Heterogeneity in Local Housing and Labor Markets: Evidence from U.S. Cities Open Access
Downloadable ContentDownload PDF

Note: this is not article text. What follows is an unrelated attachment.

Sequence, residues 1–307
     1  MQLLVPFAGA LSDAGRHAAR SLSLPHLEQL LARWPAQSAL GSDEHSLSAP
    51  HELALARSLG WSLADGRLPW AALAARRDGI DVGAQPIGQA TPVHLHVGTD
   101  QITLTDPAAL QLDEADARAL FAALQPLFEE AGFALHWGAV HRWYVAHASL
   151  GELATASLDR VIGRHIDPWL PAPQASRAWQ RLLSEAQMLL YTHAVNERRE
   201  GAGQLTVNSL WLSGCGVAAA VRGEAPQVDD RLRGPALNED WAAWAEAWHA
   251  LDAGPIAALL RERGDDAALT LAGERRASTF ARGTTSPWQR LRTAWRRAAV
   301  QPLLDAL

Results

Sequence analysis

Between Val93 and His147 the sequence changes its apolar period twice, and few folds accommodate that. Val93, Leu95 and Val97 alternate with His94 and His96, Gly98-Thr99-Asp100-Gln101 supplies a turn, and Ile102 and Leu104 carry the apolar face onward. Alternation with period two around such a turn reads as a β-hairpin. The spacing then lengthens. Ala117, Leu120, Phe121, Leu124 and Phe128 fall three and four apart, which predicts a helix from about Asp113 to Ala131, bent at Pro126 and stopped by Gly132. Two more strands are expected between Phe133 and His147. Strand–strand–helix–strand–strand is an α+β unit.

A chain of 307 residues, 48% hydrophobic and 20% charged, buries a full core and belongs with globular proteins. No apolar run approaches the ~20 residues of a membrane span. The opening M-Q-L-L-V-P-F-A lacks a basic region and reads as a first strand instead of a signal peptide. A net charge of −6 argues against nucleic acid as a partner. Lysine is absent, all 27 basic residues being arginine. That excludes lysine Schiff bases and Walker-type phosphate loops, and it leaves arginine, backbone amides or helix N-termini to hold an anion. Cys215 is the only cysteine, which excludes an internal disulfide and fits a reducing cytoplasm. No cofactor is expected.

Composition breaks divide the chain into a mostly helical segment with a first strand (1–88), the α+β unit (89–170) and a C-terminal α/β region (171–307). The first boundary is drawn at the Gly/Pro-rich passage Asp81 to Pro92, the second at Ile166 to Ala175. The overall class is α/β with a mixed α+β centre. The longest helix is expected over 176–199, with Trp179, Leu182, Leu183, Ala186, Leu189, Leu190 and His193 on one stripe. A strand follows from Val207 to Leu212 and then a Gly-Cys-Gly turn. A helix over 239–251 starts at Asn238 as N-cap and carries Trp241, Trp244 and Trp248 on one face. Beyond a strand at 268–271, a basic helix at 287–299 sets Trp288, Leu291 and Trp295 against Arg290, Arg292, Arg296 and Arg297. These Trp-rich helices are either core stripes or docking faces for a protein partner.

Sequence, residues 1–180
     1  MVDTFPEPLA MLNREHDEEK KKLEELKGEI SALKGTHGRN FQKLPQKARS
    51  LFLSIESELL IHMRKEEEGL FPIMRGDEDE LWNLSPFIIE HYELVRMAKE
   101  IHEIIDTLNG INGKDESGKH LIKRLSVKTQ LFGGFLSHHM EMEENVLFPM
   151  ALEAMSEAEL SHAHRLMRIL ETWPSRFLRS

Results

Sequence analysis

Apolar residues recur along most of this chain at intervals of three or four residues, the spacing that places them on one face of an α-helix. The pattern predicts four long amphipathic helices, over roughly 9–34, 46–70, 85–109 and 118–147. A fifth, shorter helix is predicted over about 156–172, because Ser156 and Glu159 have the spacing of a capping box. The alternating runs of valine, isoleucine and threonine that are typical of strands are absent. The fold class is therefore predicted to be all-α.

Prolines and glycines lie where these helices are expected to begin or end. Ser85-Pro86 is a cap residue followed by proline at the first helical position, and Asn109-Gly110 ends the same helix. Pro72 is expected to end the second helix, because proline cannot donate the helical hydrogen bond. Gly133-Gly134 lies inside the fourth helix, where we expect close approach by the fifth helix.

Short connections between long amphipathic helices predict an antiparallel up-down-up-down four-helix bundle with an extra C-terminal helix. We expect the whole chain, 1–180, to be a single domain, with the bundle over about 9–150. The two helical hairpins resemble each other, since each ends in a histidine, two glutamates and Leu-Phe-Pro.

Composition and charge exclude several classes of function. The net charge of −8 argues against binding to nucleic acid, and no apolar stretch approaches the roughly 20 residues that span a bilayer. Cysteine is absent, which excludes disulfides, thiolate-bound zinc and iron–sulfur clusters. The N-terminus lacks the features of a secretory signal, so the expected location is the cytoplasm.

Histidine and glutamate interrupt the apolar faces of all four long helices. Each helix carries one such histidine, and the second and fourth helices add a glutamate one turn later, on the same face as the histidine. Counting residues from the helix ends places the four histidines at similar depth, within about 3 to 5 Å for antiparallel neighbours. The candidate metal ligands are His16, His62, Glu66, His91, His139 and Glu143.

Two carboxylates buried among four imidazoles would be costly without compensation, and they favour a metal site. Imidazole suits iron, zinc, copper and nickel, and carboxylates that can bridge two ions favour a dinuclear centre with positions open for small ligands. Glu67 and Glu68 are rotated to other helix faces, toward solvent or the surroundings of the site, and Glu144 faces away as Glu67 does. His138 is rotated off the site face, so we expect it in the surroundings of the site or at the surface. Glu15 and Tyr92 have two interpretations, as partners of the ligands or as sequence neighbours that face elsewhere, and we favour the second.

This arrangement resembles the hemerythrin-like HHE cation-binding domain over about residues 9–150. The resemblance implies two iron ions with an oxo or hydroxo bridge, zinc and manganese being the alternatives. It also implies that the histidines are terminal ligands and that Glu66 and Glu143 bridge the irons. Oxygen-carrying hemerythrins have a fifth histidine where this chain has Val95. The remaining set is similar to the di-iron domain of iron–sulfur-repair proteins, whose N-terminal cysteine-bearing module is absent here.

Heterogeneity is a longstanding theme in the field of urban and regional economics, as identification often lies in spatial variations. This dissertation explores heterogeneity along various dimensions in the local housing and labor markets in the United States of America. The first chapter analyzes the heterogeneity in the capitalization of local consumption amenities in an intra-urban context at a fine scale. It proposes and tests a method for differentiating consumption amenities along a quality dimension, based on either consumer ratings or price estimates from Yelp.com. The results demonstrate that both the quality and quantity aspects of consumption amenities matter, and that consumer ratings are more informative about unobservable restaurant quality than price estimates. Furthermore, comparisons between the results for the pre- and post-Yelp periods show that such capitalization differentials are only observed when information on quality is readily available to and widely used by the public. The second chapter examines the inter-urban heterogeneity in the return to experience. Through theoretical discussions with the income elasticity hypothesis and housing preference hypothesis, it argues that some of the return to experience is driven by the compensating differentials associated with higher housing costs in larger cities. It demonstrates that the return to experience not only reflect increase in worker productivity, it also contains the compensating differentials that employers needed to pay to keep more experienced workers, whose housing demands are higher, in cities where house prices are higher.The third chapter models the heterogeneity in households' housing demand of workers in different age groups and the resulted location choice. Inspired by the life cycle consumption pattern for housing services that is observed in microdata, I propose a model featuring life cycle housing demand to demonstrate how young and older workers sort into different cities, due to increased demand for housing as one age. I empirically test the worker age compositions across occupation and city in association with housing costs. The results highlight the importance of the life-cycle housing demand in workers' location choice based on housing costs.